The Home Office made a startling admission on Thursday morning that its plans for making ISPs retain details of customer emails and Web surfing have not worked out as it had hoped, and the UK is now "back to square one".
Problems range from incompatibilities -- which the Home Office now appears to accept -- between no less than four different laws, to public concern over how they can access their data, how it can be accessed, and what redress they have when something goes wrong.
Speaking at a seminar for ISPs at Streaming Media Europe, a Home Office official said the government is now "looking to consult in the New Year on what data retention regime the public will be happy with".
The admission follows an embarrassing six months for the Home Office over the issue of data retention. In June, when it issued a voluntary code of practice laying out who can access the retained data and how they can access it, there was uproar over the number of government agencies that would have access to individual's Internet and phone records. These ranged from local authorities, to the NHS, the Postal Services Commission and the Food Standards Agency. The agencies, all of which have some law enforcement authority, were not previously guaranteed access to the records without a court order. A code of practice is demanded by the Anti-Terrorism, Crime and Security Act 2001 (ATCS).
Elizabeth France, the Information Commissioner, later said the Regulation of Investigatory Powers Act (RIPA), which deals with access to the retained data once it has been retained under ATCS, was likely to break the Human Rights Act (HRA). Her stance was later backed up by other European Information Commissioners who said there could be incompatibilities with data protection legislation.
In October, ISP Association (ISPA) general secretary Nicholas Lansmann advised members in a letter that was leaked to The Guardian not to agree to the Home Office voluntary code of practice covering data retention. Among the reasons that Lansmann gave was the fact that a year since the first draft was released, the Home Office has failed to explain how ISPs will be reimbursed for retaining the data, or how they can comply with the code without breaking numerous other laws.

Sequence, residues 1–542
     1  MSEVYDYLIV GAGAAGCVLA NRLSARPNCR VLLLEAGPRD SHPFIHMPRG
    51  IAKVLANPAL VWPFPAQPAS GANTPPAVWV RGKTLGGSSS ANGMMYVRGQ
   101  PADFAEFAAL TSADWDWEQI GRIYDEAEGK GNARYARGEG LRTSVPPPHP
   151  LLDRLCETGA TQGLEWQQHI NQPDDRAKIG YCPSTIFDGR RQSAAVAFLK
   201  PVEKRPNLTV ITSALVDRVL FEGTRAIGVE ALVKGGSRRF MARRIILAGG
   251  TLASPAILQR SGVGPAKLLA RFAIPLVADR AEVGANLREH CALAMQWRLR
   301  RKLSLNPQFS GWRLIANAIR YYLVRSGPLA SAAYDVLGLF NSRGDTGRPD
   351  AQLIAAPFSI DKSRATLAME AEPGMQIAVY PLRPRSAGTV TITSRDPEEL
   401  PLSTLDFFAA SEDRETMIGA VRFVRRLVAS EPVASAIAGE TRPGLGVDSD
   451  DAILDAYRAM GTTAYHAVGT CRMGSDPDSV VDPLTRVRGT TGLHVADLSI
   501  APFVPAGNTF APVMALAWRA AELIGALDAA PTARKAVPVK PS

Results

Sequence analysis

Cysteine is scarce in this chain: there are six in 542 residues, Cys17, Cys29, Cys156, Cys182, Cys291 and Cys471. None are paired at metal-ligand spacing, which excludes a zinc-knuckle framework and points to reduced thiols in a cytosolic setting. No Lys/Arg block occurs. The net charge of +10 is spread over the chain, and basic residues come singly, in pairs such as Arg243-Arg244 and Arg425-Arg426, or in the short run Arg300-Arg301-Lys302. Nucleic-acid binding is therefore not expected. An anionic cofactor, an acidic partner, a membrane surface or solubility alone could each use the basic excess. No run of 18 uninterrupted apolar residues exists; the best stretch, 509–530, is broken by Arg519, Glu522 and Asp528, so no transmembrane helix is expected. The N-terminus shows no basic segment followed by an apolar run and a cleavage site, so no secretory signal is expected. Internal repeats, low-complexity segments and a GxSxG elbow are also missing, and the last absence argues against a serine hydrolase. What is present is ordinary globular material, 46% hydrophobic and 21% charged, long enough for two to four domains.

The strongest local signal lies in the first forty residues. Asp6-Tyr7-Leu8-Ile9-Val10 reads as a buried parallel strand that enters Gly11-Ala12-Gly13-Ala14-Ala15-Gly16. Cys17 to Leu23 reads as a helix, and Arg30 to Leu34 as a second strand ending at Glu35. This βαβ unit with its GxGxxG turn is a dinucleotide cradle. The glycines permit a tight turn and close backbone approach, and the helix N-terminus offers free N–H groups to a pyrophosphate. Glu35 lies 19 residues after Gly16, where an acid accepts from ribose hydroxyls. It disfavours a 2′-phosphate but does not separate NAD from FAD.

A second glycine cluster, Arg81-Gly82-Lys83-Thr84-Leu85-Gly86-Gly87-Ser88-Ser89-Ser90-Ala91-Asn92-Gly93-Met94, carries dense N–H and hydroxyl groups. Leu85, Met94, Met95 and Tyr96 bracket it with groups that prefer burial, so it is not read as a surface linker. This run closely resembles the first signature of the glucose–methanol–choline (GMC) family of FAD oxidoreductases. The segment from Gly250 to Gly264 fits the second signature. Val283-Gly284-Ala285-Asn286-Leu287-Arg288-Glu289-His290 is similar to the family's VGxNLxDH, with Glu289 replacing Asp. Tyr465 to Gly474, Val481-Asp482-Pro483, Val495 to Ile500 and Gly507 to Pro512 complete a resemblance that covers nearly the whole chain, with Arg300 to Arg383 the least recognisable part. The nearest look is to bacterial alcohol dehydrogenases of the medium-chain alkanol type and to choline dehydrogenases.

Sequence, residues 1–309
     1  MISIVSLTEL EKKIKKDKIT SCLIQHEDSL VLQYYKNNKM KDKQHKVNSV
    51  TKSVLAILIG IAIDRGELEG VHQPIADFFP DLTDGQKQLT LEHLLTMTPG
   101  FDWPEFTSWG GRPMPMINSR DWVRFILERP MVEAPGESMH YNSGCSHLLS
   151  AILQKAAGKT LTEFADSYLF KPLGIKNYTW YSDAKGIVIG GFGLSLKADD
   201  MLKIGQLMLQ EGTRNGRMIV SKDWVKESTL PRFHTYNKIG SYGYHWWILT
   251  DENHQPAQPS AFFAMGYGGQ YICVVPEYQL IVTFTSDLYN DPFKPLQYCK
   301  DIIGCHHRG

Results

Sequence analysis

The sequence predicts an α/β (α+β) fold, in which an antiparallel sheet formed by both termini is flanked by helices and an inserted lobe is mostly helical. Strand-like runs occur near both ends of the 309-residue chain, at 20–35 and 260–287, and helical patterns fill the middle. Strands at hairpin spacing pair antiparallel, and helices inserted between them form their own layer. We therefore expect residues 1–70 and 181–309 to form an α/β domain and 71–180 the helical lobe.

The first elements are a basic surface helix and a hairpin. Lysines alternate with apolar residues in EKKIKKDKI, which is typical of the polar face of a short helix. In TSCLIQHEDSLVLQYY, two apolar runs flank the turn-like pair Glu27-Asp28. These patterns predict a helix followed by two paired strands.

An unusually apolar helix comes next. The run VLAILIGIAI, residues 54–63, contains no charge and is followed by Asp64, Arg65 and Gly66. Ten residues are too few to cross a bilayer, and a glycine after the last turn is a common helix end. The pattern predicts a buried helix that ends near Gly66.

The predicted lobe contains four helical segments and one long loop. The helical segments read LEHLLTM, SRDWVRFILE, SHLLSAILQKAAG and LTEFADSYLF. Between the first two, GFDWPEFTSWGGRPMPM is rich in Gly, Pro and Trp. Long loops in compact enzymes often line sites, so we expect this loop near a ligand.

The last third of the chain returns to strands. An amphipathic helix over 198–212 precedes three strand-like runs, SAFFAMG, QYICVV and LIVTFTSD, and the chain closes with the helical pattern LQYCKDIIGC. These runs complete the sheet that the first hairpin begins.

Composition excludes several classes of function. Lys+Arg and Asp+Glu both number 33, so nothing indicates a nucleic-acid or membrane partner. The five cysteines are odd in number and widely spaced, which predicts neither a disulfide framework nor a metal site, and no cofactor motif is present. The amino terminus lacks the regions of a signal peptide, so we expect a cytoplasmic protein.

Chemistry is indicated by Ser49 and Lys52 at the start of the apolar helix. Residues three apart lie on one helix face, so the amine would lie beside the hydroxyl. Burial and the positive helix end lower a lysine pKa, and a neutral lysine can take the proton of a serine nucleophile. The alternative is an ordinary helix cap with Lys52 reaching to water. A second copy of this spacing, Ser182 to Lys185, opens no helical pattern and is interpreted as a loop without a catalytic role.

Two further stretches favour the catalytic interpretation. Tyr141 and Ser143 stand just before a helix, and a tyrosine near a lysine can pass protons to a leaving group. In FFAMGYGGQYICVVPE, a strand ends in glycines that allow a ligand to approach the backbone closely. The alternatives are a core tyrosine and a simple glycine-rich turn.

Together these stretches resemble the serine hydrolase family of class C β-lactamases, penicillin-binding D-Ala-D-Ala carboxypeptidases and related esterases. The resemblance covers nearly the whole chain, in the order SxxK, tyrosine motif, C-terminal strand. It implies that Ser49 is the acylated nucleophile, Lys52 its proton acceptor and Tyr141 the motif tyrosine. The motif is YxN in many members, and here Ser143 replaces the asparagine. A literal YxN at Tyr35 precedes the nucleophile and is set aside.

Some ISPs want a mandatory code of conduct so they will not be held liable in cases where different laws conflict. Said one: "Because the code of practice is voluntary, customers will sue us. We need the government to make the code of practice mandatory so the government gets sued when things go wrong and not us."
Ian Walden, head of IT law at Queen Mary College, agreed. "I think ISPs are quite right to say they won't agree to a voluntary code of practice because it exposes them to all kinds of liability," he said.
Speaking to ISPs at Streaming Media Europe on Thursday, Lansmann said the atmosphere finally appears to be changing.
"We are getting very strong signals from the Home Office that occasionally legislation gets passed and sometimes it is not entirely right. I think that is happening now, and it looks like we will eventually have a law that provides clarity and ensures privacy of the citizen."
The Home Office official, who attended the event to reassure ISPs that the government has realised the error of its ways, said "Sometimes we have to admit that we got it a bit wrong, and [this time] we got it a bit wrong."
"Just over a year ago, the Home Office had no plans for data retention. Then along came 11 September and we suddenly changed our plans so that now we do want data retention," said the official.
"It has increasingly become the case that the scheme we have in ATCS will work after a fashion but not in the way we intended," he said. "There are concerns people had that have come to pass, and now we are almost back to square one."
The UK still has no data retention framework in place.
The official said the Home Office has learnt from the mistake it made with the publication of the draft code of practice in June.
"A large part of the problem we had in June was putting something down on paper without explaining to people exactly what it was," he said. "We didn't explain for instance what the Food Standards Agency is, what it does, and why it might need access to data."
"People need to be clear over who can do what and in what circumstances. People thought every Tom Dick and Harry in every Town Hall would be able to access all our data, but we didn't explain why they would not be able to. There are procedures."
The government has to explain who needs access, he added, why they need access, under circumstances people can expect their data to be accessed, and what redress they have when something goes wrong.
Richard Allan, Liberal MP for Sheffield Hallam, said: "We're still in the position where the Home Office is saying we may have a mandatory data retention scheme for many years, or a voluntary data retention scheme for a much lower number of years. We hope to influence that."
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